schooling in the primitive school
house at Hortonville, two miles from
Callicoon, and later in the. public
schools of Brooklyn, to which his
family moved in his boyhood, and
where he has since lived when not
trying to reach the North Pole or
the South Pole, or engaged in ether
scientific expeditions. He got his de
gree of M. D. at the University of
New York in 1890 when twenty-five
From boyhood Dr. Cook was Inter
ested in scientific explorations and
in 1891, after struggling a year to
build up a practice, jumped at the
chance to go to the Far North as
surgeon with Peary, That first trip
gave him the Arctic fever and fired
him with ambition to be the first
man to reach the North Pole.
In 1894 Dr. Cook was in charge of
an expedition for scientific research
along the coasts of Newfoundland,
Labrador and Greenland in the
steamer Miranda. The party includ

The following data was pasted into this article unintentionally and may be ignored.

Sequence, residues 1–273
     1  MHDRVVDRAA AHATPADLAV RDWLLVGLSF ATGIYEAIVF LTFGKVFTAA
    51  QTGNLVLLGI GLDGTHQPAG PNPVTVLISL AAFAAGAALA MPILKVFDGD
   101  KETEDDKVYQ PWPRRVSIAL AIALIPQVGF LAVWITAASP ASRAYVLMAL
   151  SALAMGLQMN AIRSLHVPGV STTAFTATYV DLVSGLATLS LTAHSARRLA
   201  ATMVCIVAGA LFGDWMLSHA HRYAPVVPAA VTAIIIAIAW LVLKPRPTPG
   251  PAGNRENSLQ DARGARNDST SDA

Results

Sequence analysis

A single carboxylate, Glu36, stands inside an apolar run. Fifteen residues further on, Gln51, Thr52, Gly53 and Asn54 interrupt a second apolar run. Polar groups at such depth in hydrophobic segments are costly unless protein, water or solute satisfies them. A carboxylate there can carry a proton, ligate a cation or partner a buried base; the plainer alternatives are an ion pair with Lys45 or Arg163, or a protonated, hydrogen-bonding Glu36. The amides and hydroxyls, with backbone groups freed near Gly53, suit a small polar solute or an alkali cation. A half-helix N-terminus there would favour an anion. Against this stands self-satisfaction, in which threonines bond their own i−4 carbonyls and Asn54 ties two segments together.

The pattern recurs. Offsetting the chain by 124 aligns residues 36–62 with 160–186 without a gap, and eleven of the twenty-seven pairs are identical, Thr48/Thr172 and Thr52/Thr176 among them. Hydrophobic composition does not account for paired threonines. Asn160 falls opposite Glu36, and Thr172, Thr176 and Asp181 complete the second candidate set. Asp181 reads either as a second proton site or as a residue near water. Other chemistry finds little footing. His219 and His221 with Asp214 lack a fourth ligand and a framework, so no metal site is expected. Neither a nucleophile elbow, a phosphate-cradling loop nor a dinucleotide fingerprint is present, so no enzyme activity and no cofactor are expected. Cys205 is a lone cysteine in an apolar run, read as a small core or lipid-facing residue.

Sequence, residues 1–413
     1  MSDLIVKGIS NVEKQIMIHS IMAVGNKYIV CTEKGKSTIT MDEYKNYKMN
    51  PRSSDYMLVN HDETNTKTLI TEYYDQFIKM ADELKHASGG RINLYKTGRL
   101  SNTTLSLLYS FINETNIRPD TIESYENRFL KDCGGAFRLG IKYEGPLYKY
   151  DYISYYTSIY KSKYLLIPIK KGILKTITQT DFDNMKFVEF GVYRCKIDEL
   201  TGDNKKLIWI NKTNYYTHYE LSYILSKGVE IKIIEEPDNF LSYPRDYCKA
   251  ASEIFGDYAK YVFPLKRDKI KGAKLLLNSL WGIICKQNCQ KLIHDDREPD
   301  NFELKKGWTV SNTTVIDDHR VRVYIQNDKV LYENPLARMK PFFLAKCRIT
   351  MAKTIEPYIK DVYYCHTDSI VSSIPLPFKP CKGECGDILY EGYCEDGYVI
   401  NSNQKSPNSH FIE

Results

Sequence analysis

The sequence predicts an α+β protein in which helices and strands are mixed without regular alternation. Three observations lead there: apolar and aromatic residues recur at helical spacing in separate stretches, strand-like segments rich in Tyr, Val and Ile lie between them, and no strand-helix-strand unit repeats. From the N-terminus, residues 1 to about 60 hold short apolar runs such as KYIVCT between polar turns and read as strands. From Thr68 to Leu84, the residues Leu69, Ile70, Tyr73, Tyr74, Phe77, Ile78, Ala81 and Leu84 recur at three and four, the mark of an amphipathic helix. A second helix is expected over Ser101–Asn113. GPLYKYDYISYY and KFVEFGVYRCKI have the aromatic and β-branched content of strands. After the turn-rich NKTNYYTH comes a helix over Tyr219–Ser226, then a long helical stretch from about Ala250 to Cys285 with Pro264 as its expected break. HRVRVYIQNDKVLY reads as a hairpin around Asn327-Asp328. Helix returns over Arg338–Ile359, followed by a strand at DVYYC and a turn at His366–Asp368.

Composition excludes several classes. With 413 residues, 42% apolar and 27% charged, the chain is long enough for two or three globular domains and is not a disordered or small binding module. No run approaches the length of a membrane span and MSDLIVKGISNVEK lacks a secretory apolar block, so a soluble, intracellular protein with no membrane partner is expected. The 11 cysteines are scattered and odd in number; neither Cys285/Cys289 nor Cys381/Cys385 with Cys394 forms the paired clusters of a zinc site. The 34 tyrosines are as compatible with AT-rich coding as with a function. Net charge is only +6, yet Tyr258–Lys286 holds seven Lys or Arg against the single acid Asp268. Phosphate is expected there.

ed fifty-four scientists and students.
All that this expedition planned was
not accomplished, an accident to the
Miranda forcing it to return at a
date earlier than had been fixed.
The years 1897-8-9 he spent on an;
Antarctic expedition on the ship B?l
gica, commanded by Capt. Adrian de*
Gerlache. On that expedition the
B?lgica drifted more than 2000 miles
in the ice fields. The most, southern
point reached while fast in the ice was
70 degffees. Much new land in Wen
del Sea was discovered and active
Returning from his south Polar
trip, Dr. Cook devoted himself to geo
graphical exploration in this country,
his particular aim being to ascend